Obligatory Santa Video

Posted on December 19, 2011Filed Under Presenting the Book | 3 Comments

Now that the boy is in seventh grade, his mom has been reminiscing about when he was just a little boy. (Phew… caught that one. The autocorrect thought I was trying too type little booty.) Since it’s Christmas time, of course she busted out his most famous impersonation. This is from when the boy was four.

I’d submit it to America’s Funniest Home Videos, but I think it might be too long for tv.
Ho. Ho. Ho.


I’m cutting this pretty close, ain’t I?


3 Responses to “Obligatory Santa Video”

  1. Mr. M on January 3rd, 2012 6:58 pm

    Alright…another teaching topic to discuss on the message boards. Hopefully I can get some good dialogue going as I did with my last dilemma. The following is taking place in my school:
    New Principal. New Assistant Principal. The new administration has come in wanting to make a BIG change in the existing philosophy. That change…eliminate all zeros. The existing philosophy of the jr. high is that if a student does not do their work, they receive a zero. In sixth and seventh grade, the student might get an extra day, but in eighth grade, if the student does not have their homework, it is an automatic zero. This has been the way of the road for at least the last five years. They argue that the student is not learning anything by getting a zero and it is unfairly giving that student insurmountable odds of receiving a good grade in that class if they are getting zeros. The administration would like to make students complete the work during a “No Zeros Study Hall” which the teachers may have to take care of. The work will then be graded fairly and given credit for.

    While this is just a small part of the new philosophy, I think that I am summarizing it enough to give the gist of it. Upon hearing this, I read a couple different articles about the pros and cons of this, but I am still not sold on it.

    Any thoughts?

  2. Mrs. M~ on January 4th, 2012 11:49 am

    Our school implemented the “no zero” policy a couple of years ago, although it is not hard-and-fast. An occasional zero still slips by once in a while. None of the staff was really sold on it until we read ‘Power of ICU’ by Danny Hill and Jayson Nave. The two authors (who are real school principals) came and spoke to our district, and they had a big impact. We do not do the program full-force, but the parts we do have been working pretty well. We use the ICU lists, and it does help us have more of the students get the work done. Twice a trimester we have “ICU clearance days” where the kids who are caught up on their work get a fun activity while the kids on the ICU list have to get caught up on work. The book is worth a read.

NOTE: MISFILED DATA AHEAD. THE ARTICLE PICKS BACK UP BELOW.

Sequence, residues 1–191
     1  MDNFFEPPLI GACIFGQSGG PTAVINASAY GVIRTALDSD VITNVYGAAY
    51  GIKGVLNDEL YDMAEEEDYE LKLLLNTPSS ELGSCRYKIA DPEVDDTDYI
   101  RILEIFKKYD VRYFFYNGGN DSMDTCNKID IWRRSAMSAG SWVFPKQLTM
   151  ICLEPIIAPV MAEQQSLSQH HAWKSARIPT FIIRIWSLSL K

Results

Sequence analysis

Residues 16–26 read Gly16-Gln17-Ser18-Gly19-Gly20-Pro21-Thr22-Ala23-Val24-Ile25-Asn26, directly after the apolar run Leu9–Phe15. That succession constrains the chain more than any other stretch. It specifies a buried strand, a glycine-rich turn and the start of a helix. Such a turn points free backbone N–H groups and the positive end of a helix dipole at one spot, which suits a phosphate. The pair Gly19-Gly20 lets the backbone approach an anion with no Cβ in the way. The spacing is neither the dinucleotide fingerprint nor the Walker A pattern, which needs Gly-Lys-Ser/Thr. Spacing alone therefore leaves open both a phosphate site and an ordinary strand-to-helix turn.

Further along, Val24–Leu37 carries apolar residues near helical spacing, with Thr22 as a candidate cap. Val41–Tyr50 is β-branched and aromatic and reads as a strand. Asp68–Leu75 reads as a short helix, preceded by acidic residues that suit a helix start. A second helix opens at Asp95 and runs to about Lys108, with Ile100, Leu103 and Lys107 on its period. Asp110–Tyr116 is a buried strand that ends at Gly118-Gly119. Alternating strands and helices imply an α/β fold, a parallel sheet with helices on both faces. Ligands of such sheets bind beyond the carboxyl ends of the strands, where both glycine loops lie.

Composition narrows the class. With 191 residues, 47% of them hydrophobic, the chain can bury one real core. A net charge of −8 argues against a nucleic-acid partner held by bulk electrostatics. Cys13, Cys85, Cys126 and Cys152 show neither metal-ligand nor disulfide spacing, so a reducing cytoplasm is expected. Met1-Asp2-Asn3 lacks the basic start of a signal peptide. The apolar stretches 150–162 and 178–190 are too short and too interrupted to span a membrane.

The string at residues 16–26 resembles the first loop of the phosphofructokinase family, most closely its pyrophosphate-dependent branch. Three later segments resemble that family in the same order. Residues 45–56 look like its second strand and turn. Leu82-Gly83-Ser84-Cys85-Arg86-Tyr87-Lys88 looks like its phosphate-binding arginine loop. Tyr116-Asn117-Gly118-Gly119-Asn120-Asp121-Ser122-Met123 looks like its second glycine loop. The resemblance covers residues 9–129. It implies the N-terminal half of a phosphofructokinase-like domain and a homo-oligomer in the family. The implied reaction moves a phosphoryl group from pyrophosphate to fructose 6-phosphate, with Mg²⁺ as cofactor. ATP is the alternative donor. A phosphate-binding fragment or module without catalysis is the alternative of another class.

3. Anonymous on January 5th, 2012 7:56 am

    We have an unofficial “no zero” policy. It takes a little extra effort on the teacher’s part to get all of the students to complete their assignments but we have made it work. The thing that was most helpful was instituting a “homework detention” that is separate from discipline detention. If a student came to class without their homework, we e-mailed our assistant principal who called home to arrange for the student to stay after. This year’s group of parents have not been as cooperative about homework detention, so we have had to use the academic referral process which lands kids in in-school suspension if the work is not completed by the deadline. I am contemplating instituting some type of missing assignment contract next semester – if a student comes to class without their work, they will have to complete a form telling me when they will (during silent lunch, homework detention, or homeroom- those are going to be the only options). I am going to have to check out The Power of ICU.

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